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Five Days of Forage for Artillery Horses at Harpers Ferry
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[1st OHIO LIGHT ARTILLERY]. Partially Printed Document Signed by Frederick Dorries and Franklin C. Gibbs; approved and signed by Col. Edgar M. Gregory. Requisition for Forage. Harpers Ferry, Virginia, October 15, 1862. 1 p., 10 x 8 in.

Inventory #21264.09       Price: $75


Requisition for Forage for Public Horses, & Mules in the service of L Company 1st Regiment of Lt Artly O. V  U. S. Army, for Five days, commencing the 15 of October, 1862, and ending on the 19th of October, 1862, at Harpers Ferry.

Historical Background

The feeding of horses for the Union army was an enormous task for quartermasters. In this document, the officers of Battery L of the 1st Ohio Light Artillery request feed for the 138 horses and 2 mules that pulled the battery’s six cannon and caissons. This battery and another from New York, together with eight regiments of Pennsylvania infantry comprised the 3rd Division, 5th Corps of the Army of the Potomac in September and October 1862. The battery’s 140 animals consumed 4,185 pounds of corn, 4,185 pounds of oats, 9,800 pounds of hay, and 65 grain sacks of fodder in five days in October 1862.

Over the course of the war, the Union military used more than 825,000 horses. Artillery horses were often exposed to enemy fire, and all horses and mules used by both sides were susceptible to disease. The prescribed daily food ration for an artillery horse was 14 pounds of hay and 12 pounds of grain, usually oats, corn, or barley. They also had to be watered daily, though at this time Battery L had an abundant supply of water in the Shenandoah and Potomac Rivers that converged at Harpers Ferry.

Edgar M. Gregory (1804-1871) was born in Rensselaer County, New York, and was a prominent businessman in Philadelphia, who aided runaway slaves in escaping to Canada. He served as colonel of the 91st Pennsylvania Volunteer Infantry. In October 1862, he commanded Brigadier General Erastus B. Tyler’s brigade on a reconnaissance to Leesburg, (West) Virginia, and commanded his regiment at the Battle of Fredericksburg, where he was wounded slightly. Wounded more severely at Chancellorsville in May 1863, he went home to Philadelphia for treatment. Returning to his regiment in September, he later rose to command a brigade in the V Corps. Brevetted to brigadier general and later to major general for gallantry in service, he was discharged at the end of the war. He served as an assistant commissioner with the Freedman’s Bureau in Texas, but faced strong opposition from former slaveholders.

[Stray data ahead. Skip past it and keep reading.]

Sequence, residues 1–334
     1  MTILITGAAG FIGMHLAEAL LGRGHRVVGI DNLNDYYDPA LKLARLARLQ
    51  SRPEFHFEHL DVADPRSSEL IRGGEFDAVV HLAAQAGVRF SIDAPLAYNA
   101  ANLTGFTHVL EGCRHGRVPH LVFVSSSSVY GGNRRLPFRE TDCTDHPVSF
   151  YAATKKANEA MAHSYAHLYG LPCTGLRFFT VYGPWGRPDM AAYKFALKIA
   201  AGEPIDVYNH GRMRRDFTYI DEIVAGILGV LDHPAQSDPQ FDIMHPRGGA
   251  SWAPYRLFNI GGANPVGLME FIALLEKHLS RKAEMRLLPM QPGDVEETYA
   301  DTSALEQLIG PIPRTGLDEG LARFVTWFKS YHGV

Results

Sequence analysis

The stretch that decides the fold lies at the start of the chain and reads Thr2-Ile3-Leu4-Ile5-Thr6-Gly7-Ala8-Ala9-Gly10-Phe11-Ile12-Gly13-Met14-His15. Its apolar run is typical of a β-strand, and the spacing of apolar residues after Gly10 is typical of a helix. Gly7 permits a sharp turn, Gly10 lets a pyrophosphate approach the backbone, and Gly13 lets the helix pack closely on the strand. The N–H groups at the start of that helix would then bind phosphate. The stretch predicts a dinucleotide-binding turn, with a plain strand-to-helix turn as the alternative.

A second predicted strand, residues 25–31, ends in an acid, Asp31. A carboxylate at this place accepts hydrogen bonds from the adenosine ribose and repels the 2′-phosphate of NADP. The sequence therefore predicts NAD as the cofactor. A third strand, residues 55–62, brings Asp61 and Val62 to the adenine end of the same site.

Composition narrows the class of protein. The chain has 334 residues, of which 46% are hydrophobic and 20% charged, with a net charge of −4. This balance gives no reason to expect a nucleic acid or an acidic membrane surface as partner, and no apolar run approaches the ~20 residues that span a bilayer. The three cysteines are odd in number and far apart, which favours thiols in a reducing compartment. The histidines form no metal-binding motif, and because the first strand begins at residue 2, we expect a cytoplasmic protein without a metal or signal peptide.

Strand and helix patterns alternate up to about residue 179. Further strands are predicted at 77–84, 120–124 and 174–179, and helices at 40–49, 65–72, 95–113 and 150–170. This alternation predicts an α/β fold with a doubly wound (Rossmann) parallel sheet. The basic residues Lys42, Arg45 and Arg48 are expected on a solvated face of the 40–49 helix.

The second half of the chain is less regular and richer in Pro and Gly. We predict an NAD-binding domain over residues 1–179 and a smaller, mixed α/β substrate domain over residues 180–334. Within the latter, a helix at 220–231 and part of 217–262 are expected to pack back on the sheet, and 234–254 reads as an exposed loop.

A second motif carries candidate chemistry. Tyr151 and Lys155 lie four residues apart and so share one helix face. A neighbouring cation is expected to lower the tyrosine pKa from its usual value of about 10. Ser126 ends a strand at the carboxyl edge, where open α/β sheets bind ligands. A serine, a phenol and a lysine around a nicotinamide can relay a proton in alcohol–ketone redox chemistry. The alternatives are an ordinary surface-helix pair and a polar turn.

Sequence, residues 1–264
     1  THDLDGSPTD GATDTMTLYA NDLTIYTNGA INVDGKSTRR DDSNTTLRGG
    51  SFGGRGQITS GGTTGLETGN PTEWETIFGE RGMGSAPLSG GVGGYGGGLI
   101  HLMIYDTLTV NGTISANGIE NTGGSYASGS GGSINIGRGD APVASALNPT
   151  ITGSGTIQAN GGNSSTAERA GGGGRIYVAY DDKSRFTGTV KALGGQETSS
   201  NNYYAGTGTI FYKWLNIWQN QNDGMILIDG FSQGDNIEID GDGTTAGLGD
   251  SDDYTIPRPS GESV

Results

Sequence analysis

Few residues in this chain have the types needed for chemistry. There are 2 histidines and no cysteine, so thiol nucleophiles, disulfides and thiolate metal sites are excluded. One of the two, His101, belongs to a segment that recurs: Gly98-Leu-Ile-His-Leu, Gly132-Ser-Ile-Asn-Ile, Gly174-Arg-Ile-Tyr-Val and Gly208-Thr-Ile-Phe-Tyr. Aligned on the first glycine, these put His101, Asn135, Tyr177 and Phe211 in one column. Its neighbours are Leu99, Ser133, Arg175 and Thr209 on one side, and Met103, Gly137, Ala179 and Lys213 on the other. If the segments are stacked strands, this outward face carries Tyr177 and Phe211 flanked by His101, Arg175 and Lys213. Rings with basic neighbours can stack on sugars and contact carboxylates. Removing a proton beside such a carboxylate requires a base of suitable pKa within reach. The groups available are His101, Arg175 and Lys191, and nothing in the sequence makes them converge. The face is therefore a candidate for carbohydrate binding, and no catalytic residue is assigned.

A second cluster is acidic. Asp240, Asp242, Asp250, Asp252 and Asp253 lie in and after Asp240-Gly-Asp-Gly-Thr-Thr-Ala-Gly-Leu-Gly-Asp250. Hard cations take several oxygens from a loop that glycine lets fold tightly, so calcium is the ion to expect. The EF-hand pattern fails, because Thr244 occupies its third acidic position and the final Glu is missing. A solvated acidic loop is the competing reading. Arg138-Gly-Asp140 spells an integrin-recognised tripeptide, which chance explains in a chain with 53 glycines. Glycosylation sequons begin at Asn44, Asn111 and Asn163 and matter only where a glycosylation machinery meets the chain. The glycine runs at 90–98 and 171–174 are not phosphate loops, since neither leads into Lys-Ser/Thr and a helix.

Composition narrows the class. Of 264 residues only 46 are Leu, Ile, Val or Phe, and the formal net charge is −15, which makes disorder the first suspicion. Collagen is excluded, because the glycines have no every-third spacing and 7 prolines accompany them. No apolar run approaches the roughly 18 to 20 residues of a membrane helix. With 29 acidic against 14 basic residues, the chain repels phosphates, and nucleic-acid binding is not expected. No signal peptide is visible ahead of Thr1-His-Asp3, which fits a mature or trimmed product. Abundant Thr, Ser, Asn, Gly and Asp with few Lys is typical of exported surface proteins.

Frank C. Gibbs (1834-1888) enlisted as a 1st lieutenant in Battery L of the 1st Ohio Light Artillery, on October 31, 1861. He was promoted to captain on November 12, 1862. At the Battle of Gettysburg, Gibbs commanded 121 men serving six 12-pounder Napoleon cannon, and the battery lost two wounded. On July 2 and 3, Battery L served on the north slope of Little Round Top and helped prevent the turning of the Union left flank. He was wounded in the Battle of Cedar Creek in October 1864, and mustered out with the battery on July 4, 1865.

Frederick Dorries (1828-1863) enlisted as a 1st lieutenant in Battery L of the 1st Ohio Light Artillery on October 31, 1861. He commanded the battery at the Battle of Fredericksburg. He was killed on May 3, 1863, at the Battle of Chancellorsville.

Excerpt from Captain Frank C. Gibbs’ Official Report on Gettysburg:

“About the middle of the afternoon an orderly came rapidly up, asking our battery to come to the assistance of the Fifth Corps. I started on the trot, and reported to General Sykes, who ordered the battery to cover the valley. The rocky nature of the ground compelled us to unhitch our horses and place our guns in position by hand; the left section, in charge of Lieut. H. F. Guthrie, on the left of a road leading from the valley, and on the right slope of Little Round Top (Weed’s Hill); the center and right sections, in charge of Lieuts. James Gildea and William Walworth, on the right of said road. We had hardly placed our guns in position when the Fifth Corps was forced back by a terrific charge of Longstreet’s corps, and came rushing through us, but began rallying on us as soon as they understood matters. Our front was hardly clear when the irregular, yelling line of the enemy put in his appearance, and we received him with double charges of canister, which were used so effectively as to compel him to retire. So rapidly were the guns worked that they became too hot to lay the hand on. But for the position of the battery, and the gallantry with which it was handled by the men, I have no doubt the enemy would have accomplished his purpose of breaking our lines at this point, and possibly changed the fortunes of the day.”

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